Biofuel Industry News

Biofuels: 2020 and beyond, innovations and advances

Feb 11 2021 Read 181 Times

Author: Dr. Raj Shah on behalf of Koehler Instrument Company

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Introduction

The increasing environmental concerns that have come to light have encouraged shifts to use eco-friendly biofuels instead of fossil fuels. The positive effects of biofuels compared to fossil fuels are well known, such as the fact that greenhouse gas (GHG) emissions of biofuel combustion are very low, and that they are produced from environmental sources. However, there are significant concerns about biofuels, such as the “Food vs. Fuel” debate. This debate first took root in the early 2000s, where biofuels began to become more popular. Using feedstocks such as maize and other edible oil-rich plants for technological advancements was interpreted as efforts towards favoring the middle-class over the lower-class population by taking away essential resources [1].

There are currently four types of biofuels: first, second, third, and fourth generation, with each type having its advantages and disadvantages. The second, third, and fourth generation biofuels address the main issue of the Food vs. Fuel debate due to their non-edible feedstock sources. Globally, there have been significant advancements in biofuel production, concerning processing and initial materials used. In 2006, 115 million metric tons of vegetable oils were produced with the USA, Brazil, China, Nigeria, Pakistan, and Thailand, among other countries contributing to 80% of this production value [2]. Over the years this has changed with many other countries stepping up their biofuel production and some of these countries are no longer market leaders. In the last decade, a lot of changes have occurred. Countries using lignocellulosic feedstocks and algae are important to note because of the novel achievements that have been made with the future of biofuels for second and third generation fuels. In this article we will try to focus on those market leaders from the last decade like Brazil, Nigeria, Malaysia, and Pakistan just to see where they are now and what recent progress they have made with their available resources in biofuel production processes. It gives us an interesting opportunity to study new developments and advancements that are ongoing around the world.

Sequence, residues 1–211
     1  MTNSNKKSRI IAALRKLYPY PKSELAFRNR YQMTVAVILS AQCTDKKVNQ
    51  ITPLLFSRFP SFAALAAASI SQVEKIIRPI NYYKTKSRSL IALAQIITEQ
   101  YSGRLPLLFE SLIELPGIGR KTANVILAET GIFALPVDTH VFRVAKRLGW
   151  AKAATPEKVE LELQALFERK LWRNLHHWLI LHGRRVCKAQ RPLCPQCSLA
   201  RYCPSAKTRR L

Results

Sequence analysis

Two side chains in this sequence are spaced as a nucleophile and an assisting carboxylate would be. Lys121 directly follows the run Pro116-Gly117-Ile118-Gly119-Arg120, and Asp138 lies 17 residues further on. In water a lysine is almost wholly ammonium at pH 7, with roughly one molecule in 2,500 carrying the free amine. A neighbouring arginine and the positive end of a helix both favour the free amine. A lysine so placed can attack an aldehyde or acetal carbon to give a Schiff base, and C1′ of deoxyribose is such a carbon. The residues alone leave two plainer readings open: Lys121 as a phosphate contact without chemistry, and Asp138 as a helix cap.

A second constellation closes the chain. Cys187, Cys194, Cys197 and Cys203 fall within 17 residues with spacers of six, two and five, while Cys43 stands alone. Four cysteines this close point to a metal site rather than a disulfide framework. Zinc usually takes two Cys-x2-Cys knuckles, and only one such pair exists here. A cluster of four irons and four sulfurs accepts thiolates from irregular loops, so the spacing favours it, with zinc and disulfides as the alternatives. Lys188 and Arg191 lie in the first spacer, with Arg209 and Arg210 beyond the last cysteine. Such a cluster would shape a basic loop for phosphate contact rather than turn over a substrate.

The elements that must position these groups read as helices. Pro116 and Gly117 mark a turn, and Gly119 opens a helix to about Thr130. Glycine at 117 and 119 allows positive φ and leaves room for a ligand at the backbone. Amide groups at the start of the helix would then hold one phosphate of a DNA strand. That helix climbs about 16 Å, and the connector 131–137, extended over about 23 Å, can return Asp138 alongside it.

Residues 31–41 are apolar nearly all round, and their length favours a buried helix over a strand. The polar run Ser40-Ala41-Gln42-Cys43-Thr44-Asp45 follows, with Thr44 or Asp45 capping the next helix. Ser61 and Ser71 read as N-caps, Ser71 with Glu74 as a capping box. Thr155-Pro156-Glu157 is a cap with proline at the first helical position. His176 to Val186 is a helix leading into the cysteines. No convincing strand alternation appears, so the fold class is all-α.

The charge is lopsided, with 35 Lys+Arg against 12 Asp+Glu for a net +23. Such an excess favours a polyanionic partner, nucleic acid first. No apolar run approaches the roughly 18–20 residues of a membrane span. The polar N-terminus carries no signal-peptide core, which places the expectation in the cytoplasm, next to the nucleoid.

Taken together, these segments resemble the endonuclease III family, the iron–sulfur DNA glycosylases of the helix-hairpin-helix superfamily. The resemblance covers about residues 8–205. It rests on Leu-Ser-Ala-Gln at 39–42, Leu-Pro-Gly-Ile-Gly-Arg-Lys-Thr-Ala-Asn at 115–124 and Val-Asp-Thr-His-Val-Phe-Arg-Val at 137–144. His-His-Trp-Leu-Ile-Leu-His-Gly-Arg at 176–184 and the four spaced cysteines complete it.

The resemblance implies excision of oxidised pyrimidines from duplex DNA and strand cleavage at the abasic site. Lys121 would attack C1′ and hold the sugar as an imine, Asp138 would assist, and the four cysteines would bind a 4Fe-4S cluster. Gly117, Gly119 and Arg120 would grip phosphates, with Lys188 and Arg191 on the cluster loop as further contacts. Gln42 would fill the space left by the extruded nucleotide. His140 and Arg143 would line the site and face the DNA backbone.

Overview

First generation (1G) biofuels are produced from harvested food-based biomass, such as corn and soybean plants. There is a prominent potential for large-scale production of 1G biofuels, but they do not have a high delivered energy gain compared to fossil energy input regarding second, third, or fourth generation biofuels [3]. Furthermore, there is a land area concern with this type of biofuel because the initial process of growing these crops followed by cultivating them requires a significant amount of arable farmland [4].
Second generation (2G) biofuels differ from 1G biofuels because they are produced from corn stalks and other non-food biomass, like switchgrass or wood. 2G biofuels can also be referred to as lignocellulosic and can be used as biodiesel, ethanol, and other biochemicals [3]. Although the initial sourcing of 2G biofuels can be from edible crops, the actual parts of the crops that are used during production are non-edible.
Recently, it has been found that algal biomass is becoming the more popular source for biofuel production instead of plant biomass [5]. Third generation (3G) biofuels are produced from algae and produce no land area concern because algae can be cultivated in water environments or unused drylands. Microalgae is a grouping of eukaryotes and cyanobacteria that can survive in extreme environmental conditions. Increasing lipid and carbohydrate composition through metabolic engineering can increase microalgae biomass yield [4]. A major advancement with the use of microalgae is that it is possible to genetically modify through photosynthesis and light penetration improvements [6]. Genetically modified algae are used in fourth generation (4G) biofuels.